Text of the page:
Want to maximize your work-out?
Take it outside…a growing body of research is showing that you will work harder, enjoy it more, de-stress, and stick with it longer if you get some Vitamin N. Below are links to some recent websites that cite some of this recent research.
“Some people swear by the treadmill. Others can’t wait for the warm weather and the opportunities for outdoor exercise that come with it. But while you might think it comes down to personal preference, there’s a small body of research that suggests outdoor exercise might have even more health benefits than a trip to the gym.
The most recent study polled nearly 2,000 active participants in the 2008 Scottish Health Survey and found that outdoor physical activity had a 50 percent greater positive effect on mental health than going to the gym. The researchers, from Glasgow University, found that walking, running, biking and other outdoor activities through green space lowered stress, The Telegraph reported.”
“Studies are now showing that exercise compliance is more likely when it takes place outdoors. It has been found that “green” improves an individual’s mental state without their realizing it. You may notice yourself that when you do exercise outdoors, you are less likely to notice cramping, fatigue or negative thoughts.Researchers at Texas State University have in fact found that athletes’ performances improved when they were surrounded by more green space.
When you are outside, exposed to the beauty of nature, it’s variability, it’s smells and sounds, the brain automatically shifts into a positive mental state, as does the body. Individuals tend to feel a better sense of connection and are more likely to enjoy themselves in the physical activity they are doing. ”
“”I wasn’t surprised by the findings that exercise in natural environments is good for your mental health, but I was surprised by just how much better it is for your mental health to exercise in a green place like a forest, than in other places like the gym. “The message to doctors, planners and policy makers is that these places need protecting and promoting.”
He added that taking a decision to exercise in a natural environment once a week could be enough to gain some benefit, and any additional use could have a bigger effect.” The study revealed that local streets were most commonly used for physical activity, followed by the home or garden.”
An Excuse to Abandon the Treadmill by Sarah Toland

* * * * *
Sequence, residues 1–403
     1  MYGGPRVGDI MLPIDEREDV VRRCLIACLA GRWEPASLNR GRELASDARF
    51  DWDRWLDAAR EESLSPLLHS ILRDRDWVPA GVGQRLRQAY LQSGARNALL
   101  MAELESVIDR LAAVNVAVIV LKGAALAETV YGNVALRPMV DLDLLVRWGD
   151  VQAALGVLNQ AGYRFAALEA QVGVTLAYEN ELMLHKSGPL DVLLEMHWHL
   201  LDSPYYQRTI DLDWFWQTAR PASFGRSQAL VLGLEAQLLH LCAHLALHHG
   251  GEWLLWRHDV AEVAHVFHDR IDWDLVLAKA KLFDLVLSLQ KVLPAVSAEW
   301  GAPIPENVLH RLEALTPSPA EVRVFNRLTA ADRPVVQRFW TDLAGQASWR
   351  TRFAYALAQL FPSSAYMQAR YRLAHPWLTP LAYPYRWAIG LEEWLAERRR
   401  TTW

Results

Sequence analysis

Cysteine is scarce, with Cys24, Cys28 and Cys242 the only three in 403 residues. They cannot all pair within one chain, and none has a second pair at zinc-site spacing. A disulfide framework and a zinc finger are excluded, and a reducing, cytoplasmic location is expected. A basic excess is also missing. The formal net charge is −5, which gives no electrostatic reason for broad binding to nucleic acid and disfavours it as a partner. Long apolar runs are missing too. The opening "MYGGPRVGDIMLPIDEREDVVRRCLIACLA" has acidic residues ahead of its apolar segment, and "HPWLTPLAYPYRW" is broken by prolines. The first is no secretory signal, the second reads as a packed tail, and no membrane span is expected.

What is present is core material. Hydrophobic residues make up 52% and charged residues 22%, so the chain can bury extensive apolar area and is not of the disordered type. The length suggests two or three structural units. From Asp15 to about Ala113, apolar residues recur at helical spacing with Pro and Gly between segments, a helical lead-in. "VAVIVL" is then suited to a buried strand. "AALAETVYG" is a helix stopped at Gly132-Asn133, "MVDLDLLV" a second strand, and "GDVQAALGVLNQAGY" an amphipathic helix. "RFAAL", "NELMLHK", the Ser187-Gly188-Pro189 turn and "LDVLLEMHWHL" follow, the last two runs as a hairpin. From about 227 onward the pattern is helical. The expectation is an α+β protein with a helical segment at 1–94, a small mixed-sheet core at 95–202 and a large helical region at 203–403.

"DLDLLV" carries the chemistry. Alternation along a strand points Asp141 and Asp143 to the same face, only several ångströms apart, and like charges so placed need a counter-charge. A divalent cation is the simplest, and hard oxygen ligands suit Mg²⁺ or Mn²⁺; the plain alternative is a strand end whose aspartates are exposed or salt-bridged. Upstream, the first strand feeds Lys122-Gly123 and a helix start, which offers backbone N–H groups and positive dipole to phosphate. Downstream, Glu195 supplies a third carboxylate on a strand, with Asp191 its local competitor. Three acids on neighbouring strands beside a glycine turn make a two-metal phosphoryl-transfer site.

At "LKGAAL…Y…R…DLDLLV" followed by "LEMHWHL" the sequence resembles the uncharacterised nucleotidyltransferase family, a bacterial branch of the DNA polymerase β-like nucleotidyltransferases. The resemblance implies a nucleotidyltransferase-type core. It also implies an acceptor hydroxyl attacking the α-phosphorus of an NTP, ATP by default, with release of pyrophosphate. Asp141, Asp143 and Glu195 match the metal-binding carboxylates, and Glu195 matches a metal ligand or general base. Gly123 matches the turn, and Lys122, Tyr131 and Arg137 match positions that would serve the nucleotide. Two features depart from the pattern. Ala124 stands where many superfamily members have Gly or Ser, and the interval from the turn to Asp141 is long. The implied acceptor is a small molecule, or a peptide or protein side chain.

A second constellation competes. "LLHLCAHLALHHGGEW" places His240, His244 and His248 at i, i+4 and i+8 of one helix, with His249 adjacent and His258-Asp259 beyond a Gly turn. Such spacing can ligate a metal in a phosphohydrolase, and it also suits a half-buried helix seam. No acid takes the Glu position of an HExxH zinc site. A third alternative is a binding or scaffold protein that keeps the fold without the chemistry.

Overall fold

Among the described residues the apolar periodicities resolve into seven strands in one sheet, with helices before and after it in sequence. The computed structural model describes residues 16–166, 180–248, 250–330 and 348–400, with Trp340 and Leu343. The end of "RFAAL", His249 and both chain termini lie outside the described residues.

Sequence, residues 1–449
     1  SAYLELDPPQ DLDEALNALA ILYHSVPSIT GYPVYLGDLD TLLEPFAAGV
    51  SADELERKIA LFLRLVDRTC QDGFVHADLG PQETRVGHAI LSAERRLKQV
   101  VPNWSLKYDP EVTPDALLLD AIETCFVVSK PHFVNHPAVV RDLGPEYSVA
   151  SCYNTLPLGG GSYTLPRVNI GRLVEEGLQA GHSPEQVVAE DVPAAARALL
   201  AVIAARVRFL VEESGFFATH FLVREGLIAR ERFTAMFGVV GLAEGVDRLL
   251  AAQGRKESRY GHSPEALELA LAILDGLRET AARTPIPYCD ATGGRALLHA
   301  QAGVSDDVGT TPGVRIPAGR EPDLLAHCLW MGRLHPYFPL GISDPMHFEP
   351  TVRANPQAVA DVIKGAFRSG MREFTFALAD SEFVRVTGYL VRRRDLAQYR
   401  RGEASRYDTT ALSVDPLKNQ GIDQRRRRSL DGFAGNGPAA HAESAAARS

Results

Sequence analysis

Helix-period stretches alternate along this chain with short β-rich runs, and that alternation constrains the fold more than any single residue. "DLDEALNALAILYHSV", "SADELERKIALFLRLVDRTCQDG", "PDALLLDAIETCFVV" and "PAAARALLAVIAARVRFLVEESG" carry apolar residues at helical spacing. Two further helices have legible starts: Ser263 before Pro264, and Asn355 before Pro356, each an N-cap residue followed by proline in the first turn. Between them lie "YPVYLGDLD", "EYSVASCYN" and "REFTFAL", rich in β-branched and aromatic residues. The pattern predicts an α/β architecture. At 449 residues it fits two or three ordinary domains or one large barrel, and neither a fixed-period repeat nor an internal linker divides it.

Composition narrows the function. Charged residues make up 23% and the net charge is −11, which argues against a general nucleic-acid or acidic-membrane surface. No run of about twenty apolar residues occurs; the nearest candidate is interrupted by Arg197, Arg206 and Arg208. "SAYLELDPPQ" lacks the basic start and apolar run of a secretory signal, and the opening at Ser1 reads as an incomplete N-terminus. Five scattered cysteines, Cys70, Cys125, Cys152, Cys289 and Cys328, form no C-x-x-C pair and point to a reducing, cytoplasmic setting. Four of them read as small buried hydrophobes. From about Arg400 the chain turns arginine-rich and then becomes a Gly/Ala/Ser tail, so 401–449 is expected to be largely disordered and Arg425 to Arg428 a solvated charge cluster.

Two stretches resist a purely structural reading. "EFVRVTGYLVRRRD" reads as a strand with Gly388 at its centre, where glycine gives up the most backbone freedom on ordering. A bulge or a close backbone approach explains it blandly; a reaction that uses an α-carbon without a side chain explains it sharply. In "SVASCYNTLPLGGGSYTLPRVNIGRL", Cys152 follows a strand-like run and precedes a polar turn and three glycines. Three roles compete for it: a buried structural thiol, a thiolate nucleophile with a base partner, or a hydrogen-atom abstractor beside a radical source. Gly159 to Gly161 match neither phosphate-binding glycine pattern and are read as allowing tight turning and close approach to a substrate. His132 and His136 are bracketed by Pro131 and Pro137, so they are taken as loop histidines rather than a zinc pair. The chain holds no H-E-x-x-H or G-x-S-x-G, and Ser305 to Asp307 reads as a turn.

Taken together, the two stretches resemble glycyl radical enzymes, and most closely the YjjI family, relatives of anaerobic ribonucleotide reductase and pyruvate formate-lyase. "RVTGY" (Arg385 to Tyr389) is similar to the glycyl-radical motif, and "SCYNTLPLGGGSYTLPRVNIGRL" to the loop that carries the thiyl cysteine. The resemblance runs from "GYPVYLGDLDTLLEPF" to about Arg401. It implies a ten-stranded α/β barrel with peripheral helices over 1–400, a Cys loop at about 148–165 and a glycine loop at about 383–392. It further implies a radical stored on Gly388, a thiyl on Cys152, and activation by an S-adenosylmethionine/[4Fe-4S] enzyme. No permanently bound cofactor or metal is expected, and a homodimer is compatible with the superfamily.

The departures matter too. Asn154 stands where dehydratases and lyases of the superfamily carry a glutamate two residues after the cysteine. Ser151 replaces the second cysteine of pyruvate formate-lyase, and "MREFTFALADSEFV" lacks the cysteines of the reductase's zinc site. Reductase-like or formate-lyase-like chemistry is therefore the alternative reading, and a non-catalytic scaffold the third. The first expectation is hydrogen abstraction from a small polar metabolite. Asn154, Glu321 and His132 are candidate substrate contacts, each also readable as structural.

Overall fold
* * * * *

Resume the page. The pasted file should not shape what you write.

“Research shows that exercising outdoors lowers stress levels far more effectively than at a gym. And if you’ve ever felt exhilarated after a snow-whipping run or a cold ski, you know this kind of exercise can be addictive – another reason why people who work out outside are more likely to stick with it than gym-goers. “Being outdoors motivates us to do activities regularly,” says lead researcher Michael Depledge. Outdoor exercise can burn up to 20 percent more calories than indoor exercise because your body has to fight to stay stable on uneven ground and maintain its temperature in all kinds of weather. Most people also get a harder workout in nature, since their focus is on the effort, not a TV, an iPhone, or another distraction used to ease gym boredom. One Harvard study even found that outdoor exercise cuts heart disease by boosting vitamin D levels.”
7 Reasons to Take Your Workout Outside By Cristina Goyanes
You’ll Go for Longer
“Leave the magazines at home and head out for an exploratory run through your ‘hood. You’ll be surprised how much faster time travels when you aren’t in the gym. “Changing your routine, seeing new faces, taking in the scenic shrubbery—this all helps combat workout boredom,” says Robert Gotlin, DO, director of the Orthopedic and Sports Rehabilitation at Beth Israel Medical Center in New York City. To top it off, a grueling workout may not seem so, er, grueling. “When you’re distracted by the environment, you’re less aware of your effort, such as how far you’ve run or how much your quads burn.” Heck, you might even double your workout to 60 minutes without even knowing it. ”
Health Benefits of Being Outdoors by Richard Louv
Green Exercise: Complementary Roles of Nature, Exercise and Diet in Physical and Emotional Well-Being and Implications for Public Health Policy by Jules Pretty, Murray Griffin, Martin Sellens, and Chris Pretty
“A growing number of researchers from many disciplines are now showing that contacts with the natural world can benefit mental and physical health. The contexts include the effectiveness of wildernesses in contributing to spiritually beneficial recreation and leisure experiences; the healing value of hospital gardens or of nature views from hospital or gaol windows; the benefits of community gardens and nature areas in urban settlements; and the psychological benefits of companion animals and pets; and the benefits of consuming distinctive local foods coming from systems with known positive effects on nature and rural communities.”
“The answer is likely to please people in a society with much to do but little time to do it: Just five minutes of exercise in a park, working in a backyard garden, on a nature trail, or other green space will benefit mental health.”